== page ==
Click here for the introduction to this series. The question is: What have Southern Baptist systematic theologians taught about the doctrine of salvation?
See the previous post for the answers to Question 1.
Question 2: Does the theologian advocate decretal theology, also known as covenant theology?
John L. Dagg (1794–1884)
Yes. Dagg presents “divine grace” as the “covenant of grace.” Also, he explains, “Writers on theology have employed the term Decrees, to denote the purpose of God.” Also, “The three persons co-operate in man’s salvation according to an eternal covenant.” Dagg also writes, “All who will finally be saved, were chosen to salvation by God the Father, before the foundation of the world, and given to Jesus Christ in the covenant of grace.”
James P. Boyce (1827–88)
Yes. Boyce writes on “The Decrees of God,” in which he explains: “The decrees of God may be defined as that just, wise, and holy purpose of plan by which eternally, and within himself, he determines all things whatsoever that come to pass.” Also, his chapters on election and reprobation demonstrate a distinct bent toward decretal theology, probably passed on by his Princeton professor, Charles Hodge.
E. Y. Mullins (1860–1928)
No. Perhaps in reply to the view of James Boyce, his predecessor at Southern Seminary, E. Y. Mullins writes this regarding election: “In approaching the subject we should avoid certain errors in the manner of conceiving God’s sovereignty. Chief among these has been the habit of making the sovereignty of God depend upon his ‘mere will’ or ‘good pleasure.’ … Some forms of the older Calvinism will serve as examples of the danger we are considering. … One form asserted that God foreordained some men to eternal life for the exhibition of his love, and others to eternal death for the exhibition of his justice, and that he created men with these ends in view.”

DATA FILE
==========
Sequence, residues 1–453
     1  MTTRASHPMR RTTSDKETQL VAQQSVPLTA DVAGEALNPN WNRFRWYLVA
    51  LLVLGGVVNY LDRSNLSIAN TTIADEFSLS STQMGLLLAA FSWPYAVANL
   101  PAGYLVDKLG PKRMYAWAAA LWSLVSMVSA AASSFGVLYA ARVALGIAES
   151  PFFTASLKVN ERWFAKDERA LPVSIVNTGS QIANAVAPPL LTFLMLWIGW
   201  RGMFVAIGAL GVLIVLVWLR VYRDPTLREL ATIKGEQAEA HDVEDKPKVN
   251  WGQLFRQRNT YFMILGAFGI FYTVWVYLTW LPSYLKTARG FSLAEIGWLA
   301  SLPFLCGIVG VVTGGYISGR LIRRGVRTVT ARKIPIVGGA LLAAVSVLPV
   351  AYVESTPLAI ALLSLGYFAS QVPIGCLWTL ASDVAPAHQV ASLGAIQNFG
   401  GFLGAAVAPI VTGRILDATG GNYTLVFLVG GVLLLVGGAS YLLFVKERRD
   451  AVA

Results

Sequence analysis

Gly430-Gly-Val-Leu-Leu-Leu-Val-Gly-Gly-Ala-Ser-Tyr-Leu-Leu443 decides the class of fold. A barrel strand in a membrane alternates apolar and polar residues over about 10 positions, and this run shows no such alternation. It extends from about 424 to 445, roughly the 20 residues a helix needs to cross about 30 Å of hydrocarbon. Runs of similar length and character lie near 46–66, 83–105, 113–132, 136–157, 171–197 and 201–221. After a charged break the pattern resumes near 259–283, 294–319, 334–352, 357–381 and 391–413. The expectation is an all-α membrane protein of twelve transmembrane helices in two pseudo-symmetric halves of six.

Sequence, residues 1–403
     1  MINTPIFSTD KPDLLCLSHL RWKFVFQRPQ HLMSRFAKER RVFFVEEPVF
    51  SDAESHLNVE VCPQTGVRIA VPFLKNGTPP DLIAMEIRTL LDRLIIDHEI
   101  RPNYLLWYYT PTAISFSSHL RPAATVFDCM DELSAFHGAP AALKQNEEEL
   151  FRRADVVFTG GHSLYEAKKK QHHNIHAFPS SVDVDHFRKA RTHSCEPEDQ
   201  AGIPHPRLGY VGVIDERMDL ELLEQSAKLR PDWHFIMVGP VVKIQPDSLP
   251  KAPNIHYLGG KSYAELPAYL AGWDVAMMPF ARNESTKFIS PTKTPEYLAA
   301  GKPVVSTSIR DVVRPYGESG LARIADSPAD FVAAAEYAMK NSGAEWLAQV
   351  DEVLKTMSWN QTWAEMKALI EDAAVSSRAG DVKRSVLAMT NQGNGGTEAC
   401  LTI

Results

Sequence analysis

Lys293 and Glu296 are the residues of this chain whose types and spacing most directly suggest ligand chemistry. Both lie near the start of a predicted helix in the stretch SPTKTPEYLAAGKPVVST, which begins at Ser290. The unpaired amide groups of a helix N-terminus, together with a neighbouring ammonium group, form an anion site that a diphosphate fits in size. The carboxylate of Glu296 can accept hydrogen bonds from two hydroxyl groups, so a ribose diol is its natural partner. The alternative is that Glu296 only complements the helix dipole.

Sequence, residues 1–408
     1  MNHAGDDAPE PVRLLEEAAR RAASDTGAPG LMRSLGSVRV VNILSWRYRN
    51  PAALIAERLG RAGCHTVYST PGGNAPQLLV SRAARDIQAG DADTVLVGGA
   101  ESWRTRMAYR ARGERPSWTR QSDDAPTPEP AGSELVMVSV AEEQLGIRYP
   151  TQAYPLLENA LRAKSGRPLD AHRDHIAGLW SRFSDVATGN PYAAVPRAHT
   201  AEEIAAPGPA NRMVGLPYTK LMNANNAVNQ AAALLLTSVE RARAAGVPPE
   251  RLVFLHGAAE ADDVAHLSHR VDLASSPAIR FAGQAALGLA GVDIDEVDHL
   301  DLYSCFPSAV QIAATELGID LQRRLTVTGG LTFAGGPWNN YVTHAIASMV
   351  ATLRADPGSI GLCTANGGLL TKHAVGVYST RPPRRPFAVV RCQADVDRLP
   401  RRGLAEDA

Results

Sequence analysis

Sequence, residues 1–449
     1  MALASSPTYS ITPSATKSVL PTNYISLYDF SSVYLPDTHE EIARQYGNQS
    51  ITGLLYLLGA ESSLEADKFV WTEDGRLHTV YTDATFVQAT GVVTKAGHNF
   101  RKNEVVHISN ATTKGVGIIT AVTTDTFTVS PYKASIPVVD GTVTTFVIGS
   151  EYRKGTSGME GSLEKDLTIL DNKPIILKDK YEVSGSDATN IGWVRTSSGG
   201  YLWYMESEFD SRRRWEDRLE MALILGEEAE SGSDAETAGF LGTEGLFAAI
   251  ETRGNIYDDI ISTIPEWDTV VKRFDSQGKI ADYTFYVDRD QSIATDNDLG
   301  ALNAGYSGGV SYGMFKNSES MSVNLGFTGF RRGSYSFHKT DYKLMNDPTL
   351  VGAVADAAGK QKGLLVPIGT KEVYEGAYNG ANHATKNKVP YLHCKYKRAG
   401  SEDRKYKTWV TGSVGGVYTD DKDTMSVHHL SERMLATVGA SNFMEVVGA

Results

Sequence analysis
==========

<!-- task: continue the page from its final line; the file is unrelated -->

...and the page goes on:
W. T. Conner (1877–1952)
Unclear. Conner repeats many of the concepts found in decretal theology, such as two calls (general and efficacious) and advocates the doctrine of predestination. He writes, for example, “God does not save all men. He does save some men. Hence God did not purpose to save all, but did purpose to save some.” Also, “Any plan by which some are saved and others are lost necessitates that God should choose to save some and not others.” Conner’s emphasis, however, on human ability to resist God’s grace is not consistent with decretal theology. Consider, for example, this assertion: “We were saved when we ceased to resist and yielded to the God of all grace.” Also, “He (God) has provided salvation for every man in Christ. He gives him the invitation. He brings influences to bear to bring him into the way of life. All this is grace. If in spite of these things the sinner will not come, he has nobody to blame but himself. As long as he is unwilling to receive the grace that God offers him, he cannot complain because God does not give him more grace. (new paragraph in the original) The sinner’s inability is an inability only so long as the sinner refuses to recognize his dependence on God. If he wants to come, he can. The difficulty is on his part, not God’s.”